An epic afternoon in Nicaragua

An epic afternoon in Nicaragua

Prepare to be Searched and Research your Destination

          With a bag full of camera equipment and a water housing that has a pistol grip, getting pulled aside to have your bag searched is almost inevitable. Give yourself plenty of extra time to make your flight, because I’ve had this happen to me several times. It’s also very time consuming for me to repack my gear because almost all of it I wrap in bubble wrap. If you are lucky the TSA won’t make you unwrap it but they might so it’s best to have extra tape in your bag if you want to re-tape it. Also, be aware of restrictions in countries you may be flying to, I know several people who have had their drones confiscated at the airport because they are illegal in Nicaragua. (The last I heard you can get them back when you leave but they charge a daily fee to hold it in the airport for the duration of the trip, if you are staying for a month that could be the cost of your drone. An extra tip, from what I’ve heard airport customs tend to be stricter than coming in by car or by boat.) Something that may seem like common knowledge but wasn’t for me is that almost every country requires a ticket of departure from that country upon arrival. This happened to me when heading to Nicaragua for the first time, I didn’t know when I was coming back so I booked a one way ticket. When I got to the airport to leave the airline asked me if I had a return ticket or a ticket to somewhere else to prove I would be leaving the country. The way I got around it was to buy a return ticket at the airport and call up the next day when I got to Nicaragua to cancel the flight. This only works if you have money for the ticket at the time, which I didn’t so my dad picked up the tab and was refunded his money in full the next day.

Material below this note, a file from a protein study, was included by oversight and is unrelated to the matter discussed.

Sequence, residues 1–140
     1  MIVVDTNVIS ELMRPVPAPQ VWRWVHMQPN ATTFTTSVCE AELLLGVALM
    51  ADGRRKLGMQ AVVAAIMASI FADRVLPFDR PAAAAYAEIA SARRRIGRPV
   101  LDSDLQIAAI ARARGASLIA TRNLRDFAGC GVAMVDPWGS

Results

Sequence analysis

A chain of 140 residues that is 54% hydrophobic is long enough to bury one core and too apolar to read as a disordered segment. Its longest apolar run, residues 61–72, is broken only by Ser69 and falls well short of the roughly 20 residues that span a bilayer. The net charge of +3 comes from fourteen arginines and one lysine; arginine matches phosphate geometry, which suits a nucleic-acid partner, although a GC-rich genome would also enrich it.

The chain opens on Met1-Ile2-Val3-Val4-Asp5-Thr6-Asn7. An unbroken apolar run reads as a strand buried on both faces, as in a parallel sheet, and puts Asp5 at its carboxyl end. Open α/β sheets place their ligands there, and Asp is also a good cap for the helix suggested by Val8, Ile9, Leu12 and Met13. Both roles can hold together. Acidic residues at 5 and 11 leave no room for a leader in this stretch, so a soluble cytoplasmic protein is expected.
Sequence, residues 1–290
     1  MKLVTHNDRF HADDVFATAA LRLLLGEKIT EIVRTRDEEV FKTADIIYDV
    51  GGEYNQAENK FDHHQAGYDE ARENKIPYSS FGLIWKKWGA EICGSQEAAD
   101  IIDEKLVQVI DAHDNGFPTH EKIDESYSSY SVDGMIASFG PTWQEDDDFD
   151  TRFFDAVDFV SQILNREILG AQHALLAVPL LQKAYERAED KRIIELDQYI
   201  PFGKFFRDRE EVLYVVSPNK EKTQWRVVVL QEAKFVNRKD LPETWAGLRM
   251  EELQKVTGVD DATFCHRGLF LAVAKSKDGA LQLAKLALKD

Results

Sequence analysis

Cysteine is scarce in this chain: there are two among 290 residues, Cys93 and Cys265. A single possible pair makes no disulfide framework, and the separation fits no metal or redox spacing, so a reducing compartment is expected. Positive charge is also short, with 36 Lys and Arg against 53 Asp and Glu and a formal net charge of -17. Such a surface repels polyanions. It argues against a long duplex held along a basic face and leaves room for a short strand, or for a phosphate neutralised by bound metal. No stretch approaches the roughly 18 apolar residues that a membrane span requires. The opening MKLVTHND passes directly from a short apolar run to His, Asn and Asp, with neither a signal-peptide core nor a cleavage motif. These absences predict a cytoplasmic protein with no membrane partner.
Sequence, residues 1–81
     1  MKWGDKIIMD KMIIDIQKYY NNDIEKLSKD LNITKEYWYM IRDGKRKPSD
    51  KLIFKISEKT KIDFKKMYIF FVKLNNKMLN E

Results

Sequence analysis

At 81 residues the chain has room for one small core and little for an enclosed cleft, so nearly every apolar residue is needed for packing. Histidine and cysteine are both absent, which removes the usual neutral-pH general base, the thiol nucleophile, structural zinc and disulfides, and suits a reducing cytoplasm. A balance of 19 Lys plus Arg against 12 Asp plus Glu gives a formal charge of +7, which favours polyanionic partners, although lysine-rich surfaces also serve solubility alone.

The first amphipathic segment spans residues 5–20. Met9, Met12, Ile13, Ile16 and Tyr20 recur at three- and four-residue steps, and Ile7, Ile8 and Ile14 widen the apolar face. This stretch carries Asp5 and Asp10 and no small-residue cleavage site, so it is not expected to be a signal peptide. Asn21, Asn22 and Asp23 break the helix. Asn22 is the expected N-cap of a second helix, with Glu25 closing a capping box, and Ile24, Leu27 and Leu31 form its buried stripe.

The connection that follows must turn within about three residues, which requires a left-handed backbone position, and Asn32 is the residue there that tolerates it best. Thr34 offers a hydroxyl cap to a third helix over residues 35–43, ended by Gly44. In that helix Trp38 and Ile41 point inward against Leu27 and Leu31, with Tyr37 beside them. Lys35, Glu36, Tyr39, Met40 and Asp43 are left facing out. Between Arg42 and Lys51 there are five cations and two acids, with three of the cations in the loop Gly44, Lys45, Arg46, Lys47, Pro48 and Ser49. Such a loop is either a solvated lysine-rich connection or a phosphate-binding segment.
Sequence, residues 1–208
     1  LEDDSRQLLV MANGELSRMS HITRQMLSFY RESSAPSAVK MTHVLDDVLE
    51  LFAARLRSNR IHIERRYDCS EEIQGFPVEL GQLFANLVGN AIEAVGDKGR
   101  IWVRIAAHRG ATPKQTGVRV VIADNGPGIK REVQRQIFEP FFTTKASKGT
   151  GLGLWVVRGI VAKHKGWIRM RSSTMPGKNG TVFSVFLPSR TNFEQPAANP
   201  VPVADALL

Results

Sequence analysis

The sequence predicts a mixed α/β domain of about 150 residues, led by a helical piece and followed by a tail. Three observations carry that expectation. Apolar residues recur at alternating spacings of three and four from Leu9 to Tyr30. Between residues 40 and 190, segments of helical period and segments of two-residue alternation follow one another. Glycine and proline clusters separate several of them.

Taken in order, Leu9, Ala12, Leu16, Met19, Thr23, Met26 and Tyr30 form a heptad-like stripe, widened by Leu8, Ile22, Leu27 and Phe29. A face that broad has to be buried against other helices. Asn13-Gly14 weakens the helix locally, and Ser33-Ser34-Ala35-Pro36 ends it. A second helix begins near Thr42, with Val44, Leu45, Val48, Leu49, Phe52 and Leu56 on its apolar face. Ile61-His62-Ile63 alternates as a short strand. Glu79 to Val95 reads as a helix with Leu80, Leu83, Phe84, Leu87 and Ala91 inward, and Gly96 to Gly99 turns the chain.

Looking out of Cloudbreak

Looking out of Cloudbreak

          While it may be pretty difficult to travel now, eventually everything will go back to normal and we will be able to catch that epic swell in the Caribbean or spend those two weeks in Indo. Hopefully these tips can help you arrive on time, with your gear intact, and with minimal stress. I know I can’t wait to get on a plane again and chase a swell unfortunately that maybe a bit longer for me as I am going through the slow process of renewing my passport during a pandemic. Any travel questions feel free to ask in the comments below or message me.

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 All Photos Copyright of Dave NIlsen Photography